Michel received a Diploma in Fine Arts (honours) from the School of Fine Arts at Otago Polytechnic in 1989, before undertaking further study at the University of Manoa in Hawai‘i. He has since exhibited extensively around New Zealand and internationally. In addition to receiving several national and international art awards, public commissions and residencies, Michel also has work in major collections internationally. He was notably the first Polynesian to have work acquired by The British Museum. In 2008, Michel was awarded a
Based in Wellington, Michel’s practice spans printmaking, sculpture, performance art, painting and design, new media and animation. His work grows out of a passion for his Samoan, Rarotongan and Tahitian heritage, as well as his heartfelt relationship to the Pacific region, its people and the environment. Often this manifests in the use of traditional motifs and materials, as well as contemporary Pacific references. Corned beef, a staple in Samoan gift-giving practices and feasts, is a reference that appears in a few of Michel’s sculptures. His celebrated mechanical sculpture, Pisupo Lua Afe (Corned Beef 2000) — a bull made from flattened strips of corned beef tins — parodies the prevalence of this imported food product in traditional island life. Pisupo Lua Afe is one of a number of sculptures Michel made based of the form of cattle.
In 1997, Michel orchestrated a performance in which two corned beef bull sculptures were paraded through the city streets before engaging in a mock bullfight. Recently, Michel’s practice has focused around the use of laser impressions, digital imagery, computer technology and creative collaborations. For his seminal work, First Contact, 2007, Michel collaborated with Anton Carter, Michael Bridgeman and Daimon Shwalger — along with students from two local Wanaka primary schools — to produce a giant multimedia work that was projected onto the outside walls of Te Papa, Wellington. Exhibited as part of the 2012 New Zealand International Arts Festival, First Contact re-examines historic encounters between European and Indigenous people of the Pacific. First Contact is also the name of an ongoing body of work that similarly looks at 18th century Pacific history. In particular, Michel focuses on Cook’s relationship with the Pacific peoples he encountered. Tupaia, believed to be the first Polynesian to use western art mediums, also features prominently. This series includes a range of art forms, including paintings, prints, drawings, bronze sculpture, time based media installation and architectural projections.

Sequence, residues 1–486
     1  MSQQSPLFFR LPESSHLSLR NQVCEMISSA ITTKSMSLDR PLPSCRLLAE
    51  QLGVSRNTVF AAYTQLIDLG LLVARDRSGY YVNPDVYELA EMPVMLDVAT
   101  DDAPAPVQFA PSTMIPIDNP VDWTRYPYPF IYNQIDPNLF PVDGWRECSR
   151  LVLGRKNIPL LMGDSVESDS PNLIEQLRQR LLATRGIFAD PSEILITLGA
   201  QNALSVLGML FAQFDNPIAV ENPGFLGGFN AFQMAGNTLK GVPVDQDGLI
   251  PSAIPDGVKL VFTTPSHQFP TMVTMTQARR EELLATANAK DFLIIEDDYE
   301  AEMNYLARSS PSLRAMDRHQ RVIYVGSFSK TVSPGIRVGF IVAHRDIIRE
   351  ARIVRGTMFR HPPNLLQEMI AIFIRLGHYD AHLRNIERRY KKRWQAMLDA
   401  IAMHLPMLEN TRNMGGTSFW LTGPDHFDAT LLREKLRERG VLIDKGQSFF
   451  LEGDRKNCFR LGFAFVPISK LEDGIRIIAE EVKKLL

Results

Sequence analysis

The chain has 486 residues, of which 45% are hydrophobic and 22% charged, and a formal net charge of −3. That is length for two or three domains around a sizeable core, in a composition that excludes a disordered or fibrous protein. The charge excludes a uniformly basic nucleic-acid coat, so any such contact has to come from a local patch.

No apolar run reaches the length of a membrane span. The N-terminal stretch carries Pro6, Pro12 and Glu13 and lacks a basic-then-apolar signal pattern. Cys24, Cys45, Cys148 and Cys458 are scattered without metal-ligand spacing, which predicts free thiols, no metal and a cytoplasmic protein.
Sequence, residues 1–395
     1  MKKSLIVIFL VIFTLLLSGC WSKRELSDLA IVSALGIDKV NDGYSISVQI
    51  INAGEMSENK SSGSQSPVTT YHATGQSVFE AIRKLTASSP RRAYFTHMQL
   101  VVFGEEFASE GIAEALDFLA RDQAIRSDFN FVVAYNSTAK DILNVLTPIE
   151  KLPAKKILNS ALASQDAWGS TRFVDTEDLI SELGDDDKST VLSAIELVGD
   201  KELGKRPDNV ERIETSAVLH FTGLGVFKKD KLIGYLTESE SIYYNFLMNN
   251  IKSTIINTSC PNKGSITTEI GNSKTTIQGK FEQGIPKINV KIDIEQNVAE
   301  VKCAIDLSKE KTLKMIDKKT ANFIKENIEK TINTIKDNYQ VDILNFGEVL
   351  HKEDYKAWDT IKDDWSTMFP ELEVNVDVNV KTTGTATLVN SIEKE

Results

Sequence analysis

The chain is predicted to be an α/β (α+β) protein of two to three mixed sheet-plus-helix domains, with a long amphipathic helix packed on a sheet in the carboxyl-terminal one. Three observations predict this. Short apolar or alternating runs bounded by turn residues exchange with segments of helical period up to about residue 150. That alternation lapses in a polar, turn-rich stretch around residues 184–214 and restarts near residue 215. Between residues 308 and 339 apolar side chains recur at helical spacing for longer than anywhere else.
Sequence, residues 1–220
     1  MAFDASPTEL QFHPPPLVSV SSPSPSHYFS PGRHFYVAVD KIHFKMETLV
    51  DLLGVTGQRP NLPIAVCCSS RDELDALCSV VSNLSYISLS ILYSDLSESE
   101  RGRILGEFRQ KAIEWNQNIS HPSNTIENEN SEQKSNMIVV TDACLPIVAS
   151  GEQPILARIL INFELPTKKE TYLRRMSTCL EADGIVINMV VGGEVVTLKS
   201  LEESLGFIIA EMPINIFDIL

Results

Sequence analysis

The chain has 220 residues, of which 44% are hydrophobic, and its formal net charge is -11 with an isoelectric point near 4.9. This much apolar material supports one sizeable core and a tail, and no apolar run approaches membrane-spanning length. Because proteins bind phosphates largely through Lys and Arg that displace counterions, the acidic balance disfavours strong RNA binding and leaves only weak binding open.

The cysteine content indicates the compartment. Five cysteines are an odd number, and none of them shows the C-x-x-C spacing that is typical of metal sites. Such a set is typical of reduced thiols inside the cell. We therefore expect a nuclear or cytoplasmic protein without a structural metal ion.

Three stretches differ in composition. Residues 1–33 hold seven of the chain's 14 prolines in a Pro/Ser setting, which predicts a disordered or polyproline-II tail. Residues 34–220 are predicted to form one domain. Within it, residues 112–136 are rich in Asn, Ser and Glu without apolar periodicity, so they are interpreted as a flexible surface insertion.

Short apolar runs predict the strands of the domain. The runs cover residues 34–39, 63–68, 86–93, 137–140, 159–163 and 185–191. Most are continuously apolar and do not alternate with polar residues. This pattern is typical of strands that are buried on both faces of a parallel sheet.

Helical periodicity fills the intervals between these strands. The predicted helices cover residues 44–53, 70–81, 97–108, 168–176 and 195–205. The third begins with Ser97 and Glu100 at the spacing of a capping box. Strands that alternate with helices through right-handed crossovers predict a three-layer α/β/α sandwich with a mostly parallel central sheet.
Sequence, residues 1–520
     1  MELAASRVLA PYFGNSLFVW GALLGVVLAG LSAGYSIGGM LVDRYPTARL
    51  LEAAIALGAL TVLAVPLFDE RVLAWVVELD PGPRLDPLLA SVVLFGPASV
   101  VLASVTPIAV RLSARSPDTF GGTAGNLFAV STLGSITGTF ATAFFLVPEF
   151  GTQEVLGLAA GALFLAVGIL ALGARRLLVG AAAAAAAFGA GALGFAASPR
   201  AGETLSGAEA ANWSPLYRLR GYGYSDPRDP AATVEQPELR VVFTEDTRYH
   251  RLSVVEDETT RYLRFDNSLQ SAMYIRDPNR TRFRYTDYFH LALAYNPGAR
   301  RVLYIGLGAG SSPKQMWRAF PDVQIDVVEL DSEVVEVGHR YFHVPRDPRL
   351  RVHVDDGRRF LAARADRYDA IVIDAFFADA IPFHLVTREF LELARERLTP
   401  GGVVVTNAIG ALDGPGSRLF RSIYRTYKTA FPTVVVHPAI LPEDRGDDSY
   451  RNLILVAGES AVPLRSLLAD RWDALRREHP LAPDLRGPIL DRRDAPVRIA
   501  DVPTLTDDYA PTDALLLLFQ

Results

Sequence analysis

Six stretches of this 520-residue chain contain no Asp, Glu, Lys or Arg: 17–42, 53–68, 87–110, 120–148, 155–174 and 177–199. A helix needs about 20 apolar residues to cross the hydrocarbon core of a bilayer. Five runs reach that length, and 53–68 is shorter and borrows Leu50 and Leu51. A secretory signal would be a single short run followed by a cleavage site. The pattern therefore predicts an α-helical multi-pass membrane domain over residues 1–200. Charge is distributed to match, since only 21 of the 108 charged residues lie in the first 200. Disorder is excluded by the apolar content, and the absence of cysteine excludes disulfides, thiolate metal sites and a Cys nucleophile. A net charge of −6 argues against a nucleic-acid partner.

Michael has exhibited in a number of group and solo exhibitions including: Simiani Samoa, Carriageworks, Sydney, 2015; Made in Oceania: Tapa Art and Social Landscapes, Rautenstrauch Joest Museum, Koln, Germany, 2014; Samoa Contemporary, Pataka Museum, Porirua, 2008; Pasifika Styles, University of Cambridge Museum, UK, 2006-2008; Across Oceans and Time, Kaohsiung Museum of Fine Arts, Taiwan, 2007; Le Folauga, Auckland Museum, 2007; News from Islands, Campbelltown Art Gallery, 2007; Paradise Now?, Asia Society Museum, New York, 2004 and Mata Mata Phusion, Auckland City Art Gallery, 2002.